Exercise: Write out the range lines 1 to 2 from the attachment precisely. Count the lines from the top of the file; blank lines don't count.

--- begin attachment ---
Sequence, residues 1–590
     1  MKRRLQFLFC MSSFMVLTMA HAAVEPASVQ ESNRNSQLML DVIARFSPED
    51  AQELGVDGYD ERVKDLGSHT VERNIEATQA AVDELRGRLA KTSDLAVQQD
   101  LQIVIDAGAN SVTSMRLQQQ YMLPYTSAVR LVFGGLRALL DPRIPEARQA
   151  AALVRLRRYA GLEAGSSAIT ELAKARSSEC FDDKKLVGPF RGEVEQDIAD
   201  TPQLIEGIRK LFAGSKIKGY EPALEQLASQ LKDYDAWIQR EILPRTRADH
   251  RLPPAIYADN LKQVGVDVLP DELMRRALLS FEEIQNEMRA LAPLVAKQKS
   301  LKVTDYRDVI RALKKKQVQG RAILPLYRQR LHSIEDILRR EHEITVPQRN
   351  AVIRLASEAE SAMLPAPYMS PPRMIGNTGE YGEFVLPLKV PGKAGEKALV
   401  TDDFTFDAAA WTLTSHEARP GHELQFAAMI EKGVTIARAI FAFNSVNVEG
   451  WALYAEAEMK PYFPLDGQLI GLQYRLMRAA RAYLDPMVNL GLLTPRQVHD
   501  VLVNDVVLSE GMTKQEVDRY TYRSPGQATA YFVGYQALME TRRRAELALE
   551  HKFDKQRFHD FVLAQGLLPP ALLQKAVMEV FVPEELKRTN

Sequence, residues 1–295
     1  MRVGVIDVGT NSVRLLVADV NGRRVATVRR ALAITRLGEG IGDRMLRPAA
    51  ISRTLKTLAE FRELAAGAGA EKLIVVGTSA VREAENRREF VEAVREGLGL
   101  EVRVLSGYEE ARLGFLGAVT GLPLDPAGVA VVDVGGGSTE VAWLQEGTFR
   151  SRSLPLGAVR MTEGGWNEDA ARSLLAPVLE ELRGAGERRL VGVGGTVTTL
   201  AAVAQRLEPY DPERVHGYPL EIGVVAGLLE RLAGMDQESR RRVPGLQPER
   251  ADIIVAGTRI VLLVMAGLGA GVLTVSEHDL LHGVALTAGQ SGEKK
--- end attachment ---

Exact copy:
Sequence, residues 1–590
     1  MKRRLQFLFC MSSFMVLTMA HAAVEPASVQ ESNRNSQLML DVIARFSPED